Inactive Strategic Treaties
Treaty Name: Treaty Between the United States of America and the Union of Soviet Socialist Republics on the Limitation of Anti-Ballistic Missile Systems (ABM Treaty)
Signed by the United States: May 26, 1972
Ratified by the United States: August 3, 1972
Entry Into Force: October 3, 1972
United States Withdrawal: June 14, 2002
Treaty Structure: The text of the treaty consists of sixteen articles. Seven agreed statements and five common understandings were initialed by the heads of the delegations on the day the treaty was signed. Other associated documents were signed later and can be found in the index.
Treaty Background: Concerned that the development of robust strategic defenses could upset the nuclear balance between the United States and USSR, the two countries sought to codify geographic and numerical limits on strategic defense systems. The result was the ABM Treaty, signed in Moscow 1972 by President Nixon and General Secretary Brezhnev. While initially successful in limiting the scope of strategic defenses in the arms race, the ABM Treaty did not preclude development of other missile defense concepts.
In announcing its plans to withdraw from the ABM Treaty in December 2001, the Bush Administration stated that the United States faced a security environment different from the superpower competition that pushed the treaty's negotiators to seek strategic balance by limiting defenses:
"Today, the United States and Russia face new threats to their security. Principal among these threats are weapons of mass destruction and their delivery means wielded by terrorists and rogue states. A number of such states are acquiring increasingly longer-range ballistic missiles as instruments of blackmail and coercion against the United States and its friends and allies. The United States must defend its homeland, its forces and its friends and allies against these threats. We must develop and deploy the means to deter and protect against them, including through limited missile defense of our territory."1
The United States officially withdrew from the ABM Treaty on June 14, 2002.
Treaty Objectives: The fundamental purpose of the ABM Treaty was to constrain the Parties from deploying territory-wide defenses against strategic ballistic missiles. "Each country thus leaves unchallenged the penetration capability of the others retaliatory missile forces"2 which the framers believed would assure the deterrent capabilities of the two negotiating parties.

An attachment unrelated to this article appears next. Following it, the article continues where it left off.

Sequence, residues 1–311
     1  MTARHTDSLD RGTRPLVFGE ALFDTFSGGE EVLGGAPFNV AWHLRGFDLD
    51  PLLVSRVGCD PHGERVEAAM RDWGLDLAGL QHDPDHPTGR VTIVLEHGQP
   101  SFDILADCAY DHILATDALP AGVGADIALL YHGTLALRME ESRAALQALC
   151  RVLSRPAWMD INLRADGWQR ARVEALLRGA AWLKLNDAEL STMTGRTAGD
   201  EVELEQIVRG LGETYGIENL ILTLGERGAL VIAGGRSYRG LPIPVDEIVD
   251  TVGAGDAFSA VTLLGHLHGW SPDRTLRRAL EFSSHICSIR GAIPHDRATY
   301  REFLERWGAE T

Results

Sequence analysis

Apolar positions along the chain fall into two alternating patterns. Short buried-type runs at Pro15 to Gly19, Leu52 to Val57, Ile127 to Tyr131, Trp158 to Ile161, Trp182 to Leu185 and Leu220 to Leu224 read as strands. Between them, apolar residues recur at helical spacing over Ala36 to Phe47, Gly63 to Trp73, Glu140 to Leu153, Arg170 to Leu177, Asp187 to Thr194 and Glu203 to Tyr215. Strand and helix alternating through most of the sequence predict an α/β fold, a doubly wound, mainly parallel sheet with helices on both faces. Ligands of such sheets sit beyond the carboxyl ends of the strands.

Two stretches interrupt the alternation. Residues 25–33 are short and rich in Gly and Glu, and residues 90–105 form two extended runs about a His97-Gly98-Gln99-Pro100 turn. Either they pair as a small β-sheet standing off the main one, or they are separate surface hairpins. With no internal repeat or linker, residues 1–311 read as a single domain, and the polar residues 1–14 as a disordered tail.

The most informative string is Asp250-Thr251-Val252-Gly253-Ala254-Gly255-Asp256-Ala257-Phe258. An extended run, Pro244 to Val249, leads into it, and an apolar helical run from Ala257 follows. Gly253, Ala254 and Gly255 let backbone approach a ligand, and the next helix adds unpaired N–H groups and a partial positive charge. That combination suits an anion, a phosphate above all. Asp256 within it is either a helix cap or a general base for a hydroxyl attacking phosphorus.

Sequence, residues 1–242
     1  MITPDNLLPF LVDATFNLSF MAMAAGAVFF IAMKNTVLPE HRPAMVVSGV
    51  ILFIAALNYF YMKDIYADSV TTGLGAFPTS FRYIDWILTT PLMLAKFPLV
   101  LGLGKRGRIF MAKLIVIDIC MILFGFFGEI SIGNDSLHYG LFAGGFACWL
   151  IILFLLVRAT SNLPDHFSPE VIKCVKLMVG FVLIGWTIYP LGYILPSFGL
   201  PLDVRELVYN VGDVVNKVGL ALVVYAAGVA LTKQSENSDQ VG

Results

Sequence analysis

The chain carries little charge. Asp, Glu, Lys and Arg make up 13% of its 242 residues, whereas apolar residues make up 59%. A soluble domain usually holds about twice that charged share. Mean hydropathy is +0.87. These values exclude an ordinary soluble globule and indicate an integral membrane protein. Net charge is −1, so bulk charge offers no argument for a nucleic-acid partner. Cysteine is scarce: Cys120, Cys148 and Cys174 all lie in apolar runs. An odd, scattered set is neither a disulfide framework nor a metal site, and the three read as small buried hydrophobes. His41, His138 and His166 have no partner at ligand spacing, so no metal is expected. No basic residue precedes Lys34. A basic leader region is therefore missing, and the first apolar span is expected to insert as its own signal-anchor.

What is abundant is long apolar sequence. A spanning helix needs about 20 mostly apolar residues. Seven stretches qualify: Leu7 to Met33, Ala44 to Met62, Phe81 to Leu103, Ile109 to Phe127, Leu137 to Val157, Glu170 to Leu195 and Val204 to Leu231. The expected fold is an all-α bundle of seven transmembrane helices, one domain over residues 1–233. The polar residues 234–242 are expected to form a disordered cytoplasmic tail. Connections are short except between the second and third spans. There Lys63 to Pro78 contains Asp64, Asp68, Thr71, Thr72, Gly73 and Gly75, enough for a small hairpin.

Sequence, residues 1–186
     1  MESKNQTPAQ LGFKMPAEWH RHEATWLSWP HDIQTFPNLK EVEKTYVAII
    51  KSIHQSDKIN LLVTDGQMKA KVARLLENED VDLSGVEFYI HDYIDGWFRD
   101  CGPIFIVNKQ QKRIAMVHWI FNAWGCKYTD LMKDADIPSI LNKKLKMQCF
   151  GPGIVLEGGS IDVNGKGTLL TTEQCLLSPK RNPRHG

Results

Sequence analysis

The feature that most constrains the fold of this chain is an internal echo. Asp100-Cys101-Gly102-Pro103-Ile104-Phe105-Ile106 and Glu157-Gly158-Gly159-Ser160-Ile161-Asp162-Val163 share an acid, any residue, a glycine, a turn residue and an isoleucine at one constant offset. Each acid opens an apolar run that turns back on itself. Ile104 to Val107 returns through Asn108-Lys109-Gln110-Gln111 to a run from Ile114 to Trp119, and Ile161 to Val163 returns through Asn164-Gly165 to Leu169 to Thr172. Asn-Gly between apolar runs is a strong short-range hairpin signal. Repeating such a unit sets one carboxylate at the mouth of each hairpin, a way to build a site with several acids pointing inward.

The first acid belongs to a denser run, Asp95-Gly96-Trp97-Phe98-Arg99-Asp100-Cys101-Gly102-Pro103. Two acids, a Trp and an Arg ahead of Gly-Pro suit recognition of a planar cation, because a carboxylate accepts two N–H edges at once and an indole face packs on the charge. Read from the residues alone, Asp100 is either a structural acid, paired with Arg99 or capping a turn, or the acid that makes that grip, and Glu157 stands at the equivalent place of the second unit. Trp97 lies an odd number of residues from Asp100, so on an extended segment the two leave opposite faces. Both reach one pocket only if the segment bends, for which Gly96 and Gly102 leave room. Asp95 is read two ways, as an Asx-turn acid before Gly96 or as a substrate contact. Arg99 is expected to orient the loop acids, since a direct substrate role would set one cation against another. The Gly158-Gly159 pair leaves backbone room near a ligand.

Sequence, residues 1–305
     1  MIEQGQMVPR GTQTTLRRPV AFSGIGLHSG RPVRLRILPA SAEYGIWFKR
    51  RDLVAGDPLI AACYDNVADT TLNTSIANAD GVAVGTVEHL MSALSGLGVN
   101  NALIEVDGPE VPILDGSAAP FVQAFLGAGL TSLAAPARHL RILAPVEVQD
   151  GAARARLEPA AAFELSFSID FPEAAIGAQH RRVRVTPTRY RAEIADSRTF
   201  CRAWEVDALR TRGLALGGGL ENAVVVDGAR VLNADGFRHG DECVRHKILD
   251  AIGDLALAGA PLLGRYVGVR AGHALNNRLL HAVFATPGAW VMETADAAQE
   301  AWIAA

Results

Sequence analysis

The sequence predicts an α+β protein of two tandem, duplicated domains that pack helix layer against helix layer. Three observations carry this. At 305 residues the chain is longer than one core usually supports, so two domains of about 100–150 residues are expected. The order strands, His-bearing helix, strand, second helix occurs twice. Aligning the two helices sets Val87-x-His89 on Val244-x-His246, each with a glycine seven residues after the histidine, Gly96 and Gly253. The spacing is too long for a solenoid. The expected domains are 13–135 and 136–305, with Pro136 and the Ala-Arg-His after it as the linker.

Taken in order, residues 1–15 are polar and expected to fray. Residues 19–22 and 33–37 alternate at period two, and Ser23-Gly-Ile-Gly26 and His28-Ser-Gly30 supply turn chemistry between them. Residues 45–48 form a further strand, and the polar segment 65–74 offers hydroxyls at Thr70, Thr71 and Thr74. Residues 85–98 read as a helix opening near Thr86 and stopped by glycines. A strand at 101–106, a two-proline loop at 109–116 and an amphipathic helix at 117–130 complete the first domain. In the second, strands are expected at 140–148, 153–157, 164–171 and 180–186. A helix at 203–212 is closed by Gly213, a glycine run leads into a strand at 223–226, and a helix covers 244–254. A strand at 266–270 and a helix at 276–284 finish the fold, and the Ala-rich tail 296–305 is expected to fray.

Treaty Provisions: Article I prohibited deployment of ABM systems for territorial defense or for regional defense except as provided for in Article III (below).
Article II defined an ABM system as a system to counter strategic ballistic missiles or their elements in flight trajectory, consisting of interceptor missiles, launchers, and radars.
Article III, as amended by a 1974 Protocol, limited each Party to a single ABM deployment site consisting of no more than 100 interceptor missiles, no more than 100 interceptor launchers, plus other specific limitations on ABM radars.
Article IV exempted limited numbers of ABM systems or components used for development and testing and located at agreed ABM test sites from Article III constraints.
Article V prohibited the development, testing, and deployment of sea-, air-, or space-based and mobile ABM systems and components.
Article VI prohibited giving ABM capabilities to non-ABM systems, prohibits testing non-ABM systems in an ABM mode, and limits deployment of early warning Large Phased Array Radars (LPARs) to each country's periphery, oriented outward.
Article XII established National Technical Means (NTM) as the only tool for verification of compliance, and prohibits each party from interfering in the other's use of NTM.
Agreed Statement "D" of the Treaty required that discussion and agreement in the SCC on development of ABM systems based on "other physical principles" (OPP) than those used when the Treaty was signed.
Reporting Requirements: Parties notified each other of the number and type (above-ground or silo) of ABM launchers and of number of ABM radars on which dismantling or destruction has been completed and is in process, and of number of ABM launchers and ABM radars used for replacements. (1974 Protocol on Procedures Governing Replacement, Dismantling, or Destruction, and Notification Thereof, for ABM Systems and Their Components)
Notification of the replacement of components of an ABM system, both within a deployment area and when the deployment area of an ABM system or its components is being exchanged, were to be given twice annually in the Standing Consultative Commission at the beginning of regular SCC sessions, reflecting the actual status as of the beginning of that session and covering the period since the last notification in the SCC. (1976 Supplementary Protocol to the 1974 Procedures Governing Replacement, Dismantling, or Destruction, and Notification Thereof, for ABM Systems and Their Components)
Notifications regarding the exchange of the deployment area of an ABM system or its components were to be given in the Standing Consultative Commission pursuant to Article II of the Protocol to the Treaty. (1976 Supplementary Protocol to the 1974 Procedures Governing Replacement, Dismantling, or Destruction, and Notification Thereof, for ABM Systems and Their Components)
Notification of the location of additional test range no later than thirty days after the beginning of any construction or assembly work, other than earthwork (excavation) was required. (1978 Agreed Statement)
Notification within thirty days regarding unexpected concurrent operations was required. (1985 Common Understanding)
1. December 13, 2001, Office of the Press Secretary, White House, Announcement of Withdrawal from the ABM Treaty
2. Introduction to ABM Treaty Text: https://www.state.gov/t/isn/trty/16332.htm